My last post made me think of my writing process for fiction, which mainly involves me entertaining scenes and ideas in my head whenever the inspiration hits me.
It’s a little different for me with poetry and creative nonfiction. The memoir pieces and poems are pulled from my life. While I do think back on my life from time to time, I don’t really come back to certain moments or ideas the way I would a piece of fiction writing. When I write nonfiction, the process is usually “I want to write about this thing that happened to me or this thing I feel” and I pretty much just sit down and belt the words out.
It’s not so much a moment of inspiration that has to strike, but the urge to address something.
There was once a piece that I couldn’t quite get. It took me a few tries to nail down some form of it in writing. That was the one time I struggled with writing from the heart. Mostly because I couldn’t figure out how to say what I wanted to say in the voice I wanted to say it in. I’m not a very angry person, and this poem was about anger. A justified anger. An anger that other people who support me in my life have shared with me.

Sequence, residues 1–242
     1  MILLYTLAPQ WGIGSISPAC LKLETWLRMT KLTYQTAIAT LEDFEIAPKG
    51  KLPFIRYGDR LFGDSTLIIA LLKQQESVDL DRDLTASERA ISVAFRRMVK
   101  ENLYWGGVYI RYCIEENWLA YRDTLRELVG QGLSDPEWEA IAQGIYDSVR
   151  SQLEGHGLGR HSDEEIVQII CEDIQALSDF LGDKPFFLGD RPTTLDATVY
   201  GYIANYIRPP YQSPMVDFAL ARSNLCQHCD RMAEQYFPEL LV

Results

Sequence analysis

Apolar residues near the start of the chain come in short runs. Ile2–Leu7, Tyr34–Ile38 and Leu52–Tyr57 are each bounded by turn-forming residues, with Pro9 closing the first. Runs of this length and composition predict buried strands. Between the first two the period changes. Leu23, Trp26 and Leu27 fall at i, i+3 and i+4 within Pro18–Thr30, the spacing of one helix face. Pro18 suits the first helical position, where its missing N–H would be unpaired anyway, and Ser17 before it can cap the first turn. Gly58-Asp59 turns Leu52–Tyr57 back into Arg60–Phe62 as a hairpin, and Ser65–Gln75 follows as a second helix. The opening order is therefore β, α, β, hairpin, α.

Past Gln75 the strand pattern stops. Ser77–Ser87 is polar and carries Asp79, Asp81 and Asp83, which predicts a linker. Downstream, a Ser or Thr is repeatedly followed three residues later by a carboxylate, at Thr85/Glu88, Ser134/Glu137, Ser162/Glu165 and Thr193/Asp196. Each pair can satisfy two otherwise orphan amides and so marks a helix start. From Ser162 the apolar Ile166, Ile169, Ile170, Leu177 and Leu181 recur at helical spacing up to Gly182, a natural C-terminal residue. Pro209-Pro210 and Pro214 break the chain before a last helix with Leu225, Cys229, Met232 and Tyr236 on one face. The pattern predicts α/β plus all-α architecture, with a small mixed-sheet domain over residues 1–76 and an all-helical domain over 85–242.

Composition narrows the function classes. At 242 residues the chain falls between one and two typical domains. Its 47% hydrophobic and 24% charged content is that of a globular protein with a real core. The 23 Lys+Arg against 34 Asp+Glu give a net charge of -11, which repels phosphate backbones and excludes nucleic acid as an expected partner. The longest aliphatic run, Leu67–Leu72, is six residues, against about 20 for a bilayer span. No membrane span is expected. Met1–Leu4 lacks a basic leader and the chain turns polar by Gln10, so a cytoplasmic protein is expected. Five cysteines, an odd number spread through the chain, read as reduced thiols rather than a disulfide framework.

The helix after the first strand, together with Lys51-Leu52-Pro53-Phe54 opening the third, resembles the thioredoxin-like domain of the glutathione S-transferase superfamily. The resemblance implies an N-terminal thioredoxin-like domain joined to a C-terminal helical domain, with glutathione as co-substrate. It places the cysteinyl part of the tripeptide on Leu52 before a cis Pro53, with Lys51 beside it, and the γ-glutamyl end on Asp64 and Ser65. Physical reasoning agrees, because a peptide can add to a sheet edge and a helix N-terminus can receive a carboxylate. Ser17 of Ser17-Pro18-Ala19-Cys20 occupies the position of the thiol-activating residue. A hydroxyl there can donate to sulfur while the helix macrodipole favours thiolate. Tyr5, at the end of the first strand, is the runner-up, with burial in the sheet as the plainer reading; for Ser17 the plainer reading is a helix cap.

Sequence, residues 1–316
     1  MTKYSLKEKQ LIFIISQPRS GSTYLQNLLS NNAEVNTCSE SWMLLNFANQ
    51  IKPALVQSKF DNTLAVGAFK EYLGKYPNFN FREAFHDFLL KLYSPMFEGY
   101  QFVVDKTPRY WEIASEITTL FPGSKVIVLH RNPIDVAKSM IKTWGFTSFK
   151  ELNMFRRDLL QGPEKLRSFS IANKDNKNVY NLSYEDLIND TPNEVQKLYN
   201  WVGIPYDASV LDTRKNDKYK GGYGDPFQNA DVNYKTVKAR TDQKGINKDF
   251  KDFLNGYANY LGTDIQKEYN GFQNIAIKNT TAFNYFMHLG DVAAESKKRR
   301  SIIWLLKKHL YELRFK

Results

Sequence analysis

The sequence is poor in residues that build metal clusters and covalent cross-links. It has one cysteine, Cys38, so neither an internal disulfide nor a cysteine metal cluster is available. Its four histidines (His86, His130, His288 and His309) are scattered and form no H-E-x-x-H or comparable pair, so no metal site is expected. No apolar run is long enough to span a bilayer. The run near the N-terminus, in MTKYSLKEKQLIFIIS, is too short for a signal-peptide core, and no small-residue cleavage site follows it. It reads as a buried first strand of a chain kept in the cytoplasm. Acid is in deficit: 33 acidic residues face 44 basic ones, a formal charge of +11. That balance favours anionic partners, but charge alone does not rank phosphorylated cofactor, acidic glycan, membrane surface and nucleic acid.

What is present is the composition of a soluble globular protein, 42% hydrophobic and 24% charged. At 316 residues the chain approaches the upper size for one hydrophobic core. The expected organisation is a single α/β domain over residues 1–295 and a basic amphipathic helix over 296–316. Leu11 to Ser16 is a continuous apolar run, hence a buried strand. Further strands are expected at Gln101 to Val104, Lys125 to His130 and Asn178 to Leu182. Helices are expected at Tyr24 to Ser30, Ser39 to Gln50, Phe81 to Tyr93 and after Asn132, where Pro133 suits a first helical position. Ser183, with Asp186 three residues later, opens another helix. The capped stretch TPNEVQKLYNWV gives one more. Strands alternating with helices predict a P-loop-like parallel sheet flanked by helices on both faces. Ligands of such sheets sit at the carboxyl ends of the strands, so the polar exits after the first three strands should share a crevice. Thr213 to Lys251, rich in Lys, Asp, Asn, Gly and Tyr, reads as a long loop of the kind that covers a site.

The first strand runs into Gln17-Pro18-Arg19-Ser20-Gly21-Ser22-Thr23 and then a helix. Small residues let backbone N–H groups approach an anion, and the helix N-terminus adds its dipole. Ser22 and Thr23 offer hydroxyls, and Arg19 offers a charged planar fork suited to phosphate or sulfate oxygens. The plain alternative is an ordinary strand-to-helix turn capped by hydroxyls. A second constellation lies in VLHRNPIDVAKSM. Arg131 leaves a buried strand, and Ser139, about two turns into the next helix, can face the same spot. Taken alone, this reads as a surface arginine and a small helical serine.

My poems are typically more quiet and introspective. They are moments of tears, grief, and loss. And they are usually moments when I feel alone. But I figured out this piece. This involved infusing it with the anger that others have felt for me. It wasn’t just my voice, but the voices of those who held me up when I stood on threads, with the world trying to crash down on me, again.
The poem wasn’t really about being angry. It was about being loved and supported no matter what someone else might do to tear you down.
Characters are known to take planned manuscripts in different directions. It’s funny that even with nonfiction, sometimes, you may not know exactly what you’re writing when you start.
(P.S. I’m hoping to hear some good news about this poem soon. Fingers crossed.)